But now KK say, “We went to check on our grandma and our little cousins. My grandma and my family dead. Somebody come in the house and kill them.”

KK say they get there and see Miss Mary and the kids shot up and stabbed up, house all bloodied up, the beds, the kids’ rooms, everything. And KK saw the safe. It was open and empty. I thought, It had to be someone who knew she had a safe.

As soon as we heard that, we started bringing all the kids in the projects more close to us. The kids was scared and we was scared. We knew we had to watch them even more now. Somebody had to stay on post.

Up on that big, long balcony, we was just like if we was protecting the president’s house; someone always on lookout. You come up? We pat you down. We had no metal detector or nothin’, but we gotta make sure everything all right.

I put my head down and say, Lord I’m glad my family’s away. For those whose families ain’t away, they ought to get away.

We feel the pain of Miss Mary’s family. As I said, the lady was like a mother to us all. We had to go and see what was happenin’ in that house.

We didn’t go empty-hand. My homeboys put all kind of thing in that boat: bush knives, screwdrivers, hammers, little hand-saw blades. We didn’t know if someone still be in the house. We wasn’t lookin’ for no trouble. We just tryin’ to come outta this alive.

A lot of us went over there, like 15 of us, including KK and some of his older cousins. We all piled into the boat, which was long like a canal boat. Mind you, Katrina was still goin’ on with pouring down rain and rattling thunder. Water flooding and wind that feel like an elephant against your chest. People looking lost, desperate.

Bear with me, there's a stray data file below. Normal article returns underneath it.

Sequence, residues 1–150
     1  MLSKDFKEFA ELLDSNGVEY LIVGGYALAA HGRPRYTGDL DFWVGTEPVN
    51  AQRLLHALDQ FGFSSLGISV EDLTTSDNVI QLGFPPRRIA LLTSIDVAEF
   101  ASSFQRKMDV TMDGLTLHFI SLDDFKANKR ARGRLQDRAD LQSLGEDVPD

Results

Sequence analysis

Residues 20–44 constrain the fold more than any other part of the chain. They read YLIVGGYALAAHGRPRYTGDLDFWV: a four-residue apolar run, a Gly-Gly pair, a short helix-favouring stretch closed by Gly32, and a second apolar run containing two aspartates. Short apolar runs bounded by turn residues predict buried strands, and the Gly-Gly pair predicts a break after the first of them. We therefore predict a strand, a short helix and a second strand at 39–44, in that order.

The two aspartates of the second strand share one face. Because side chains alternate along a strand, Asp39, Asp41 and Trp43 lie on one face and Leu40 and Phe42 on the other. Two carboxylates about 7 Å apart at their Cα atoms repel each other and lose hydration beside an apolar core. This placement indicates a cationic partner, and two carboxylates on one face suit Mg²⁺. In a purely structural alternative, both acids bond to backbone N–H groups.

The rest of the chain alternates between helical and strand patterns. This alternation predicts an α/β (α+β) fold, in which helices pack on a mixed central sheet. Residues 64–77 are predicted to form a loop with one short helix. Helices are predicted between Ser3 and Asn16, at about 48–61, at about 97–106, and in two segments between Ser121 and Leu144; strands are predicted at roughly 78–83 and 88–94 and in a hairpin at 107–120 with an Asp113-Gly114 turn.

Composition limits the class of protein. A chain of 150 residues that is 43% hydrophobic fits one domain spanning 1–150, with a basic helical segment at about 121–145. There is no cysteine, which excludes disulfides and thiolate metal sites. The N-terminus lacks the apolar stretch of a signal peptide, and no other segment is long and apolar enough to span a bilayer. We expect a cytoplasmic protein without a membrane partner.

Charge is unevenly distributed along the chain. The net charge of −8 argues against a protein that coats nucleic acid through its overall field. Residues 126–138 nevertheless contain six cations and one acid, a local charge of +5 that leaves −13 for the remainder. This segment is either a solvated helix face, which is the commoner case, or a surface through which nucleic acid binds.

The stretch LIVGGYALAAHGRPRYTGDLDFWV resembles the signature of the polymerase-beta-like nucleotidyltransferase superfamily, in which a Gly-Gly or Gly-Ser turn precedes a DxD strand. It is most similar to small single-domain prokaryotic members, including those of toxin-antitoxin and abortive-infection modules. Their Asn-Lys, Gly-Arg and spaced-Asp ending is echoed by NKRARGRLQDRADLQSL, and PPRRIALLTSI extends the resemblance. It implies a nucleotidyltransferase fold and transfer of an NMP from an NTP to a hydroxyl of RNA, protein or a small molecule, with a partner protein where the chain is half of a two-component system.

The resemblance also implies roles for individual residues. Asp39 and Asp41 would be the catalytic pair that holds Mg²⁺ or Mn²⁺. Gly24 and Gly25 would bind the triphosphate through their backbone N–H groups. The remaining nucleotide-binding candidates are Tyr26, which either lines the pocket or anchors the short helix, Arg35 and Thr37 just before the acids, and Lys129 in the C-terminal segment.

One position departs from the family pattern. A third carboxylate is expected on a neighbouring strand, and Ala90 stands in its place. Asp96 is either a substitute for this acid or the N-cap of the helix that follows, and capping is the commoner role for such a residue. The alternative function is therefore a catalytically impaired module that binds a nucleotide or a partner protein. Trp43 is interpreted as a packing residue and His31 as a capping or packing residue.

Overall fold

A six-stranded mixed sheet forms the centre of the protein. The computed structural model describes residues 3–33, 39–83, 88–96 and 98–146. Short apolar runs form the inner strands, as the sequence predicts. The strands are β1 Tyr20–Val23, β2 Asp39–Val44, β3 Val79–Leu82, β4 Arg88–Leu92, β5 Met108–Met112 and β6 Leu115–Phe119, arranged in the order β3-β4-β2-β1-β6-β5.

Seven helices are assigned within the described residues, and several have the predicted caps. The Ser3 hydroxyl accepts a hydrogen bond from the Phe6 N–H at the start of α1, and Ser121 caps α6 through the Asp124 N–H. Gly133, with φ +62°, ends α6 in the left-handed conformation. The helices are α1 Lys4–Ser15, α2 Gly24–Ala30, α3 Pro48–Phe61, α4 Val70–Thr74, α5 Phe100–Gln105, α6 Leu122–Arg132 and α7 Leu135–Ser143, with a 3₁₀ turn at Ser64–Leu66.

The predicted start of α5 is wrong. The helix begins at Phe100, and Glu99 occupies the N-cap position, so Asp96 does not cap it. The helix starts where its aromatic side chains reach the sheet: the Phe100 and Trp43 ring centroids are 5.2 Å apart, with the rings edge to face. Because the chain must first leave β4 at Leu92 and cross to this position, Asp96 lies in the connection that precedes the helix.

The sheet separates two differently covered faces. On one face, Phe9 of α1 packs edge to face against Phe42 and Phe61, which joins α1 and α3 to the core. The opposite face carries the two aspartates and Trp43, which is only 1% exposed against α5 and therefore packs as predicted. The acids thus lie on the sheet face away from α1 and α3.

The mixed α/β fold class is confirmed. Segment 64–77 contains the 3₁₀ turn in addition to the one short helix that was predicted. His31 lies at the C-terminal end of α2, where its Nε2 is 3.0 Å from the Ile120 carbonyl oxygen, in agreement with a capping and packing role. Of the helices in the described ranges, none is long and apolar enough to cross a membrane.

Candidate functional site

On the way to Miss Mary and them kids, we passed a house with a sign on the door that said “DEAD BODY INSIDE,” but we know only thing that kill that body was Katrina.

We paddled a few more minutes and then Miss Mary’s little white, wooden house come into view. So far, it look normal.

As we floated nearer, we could see the windows and back door wide open. We pulled up close. That way we could wedge the boat to keep it from drifting and we could climb right onto the porch. But we make sure one of us stay and watch it.

We entered Miss Mary’s house and knew not to touch nothin’; we use rags off the boat to touch the front door. The rug was squishy but there wasn’t too much flood, because the house sat some steps up off the ground, even though those steps were now washed away.

Inside the house, ain’t no power, no electricity, no phone, no police, no nothin’. The first body I seen was Miss Mary stretched on her back on the sofa, wearing one of them grandma dresses. If you know how Miss Mary be when she call you into the house to have some gumbo or go to the store for her, you think she just laying on the couch watching her daily stories, like “The Young and the Restless,” the way she always do. Except now you see blood all down the front of her grandma dress.

It put chills in my body. As good as that lady was, it took everything outta me to see her that way. It was like you wanted to say “Goddamn!” We was all in big shock, lookin’ at each other, putting our heads down. Who gonna do this to her?

You feel so weak, it feel like you dead. I ain’t gonna say every day—but just about every week most of my life—I might be seeing three or four dead bodies that been shot in the project or that somebody found in an abandon building. You see families fighting, stabbing each other. Boyfriend and girlfriend fighting.

So I was used to seeing dead people, but I ain’t never seen anyone murdered that open her heart to you like Miss Mary. She meant so much to me.

I knew the grandkids was in they bedrooms, and now I had the hardest thing: to follow KK and see them kids all bloodied up.

Still Standing: How an Ex-Con Found Salvation in the Floodwaters of Katrina is out now.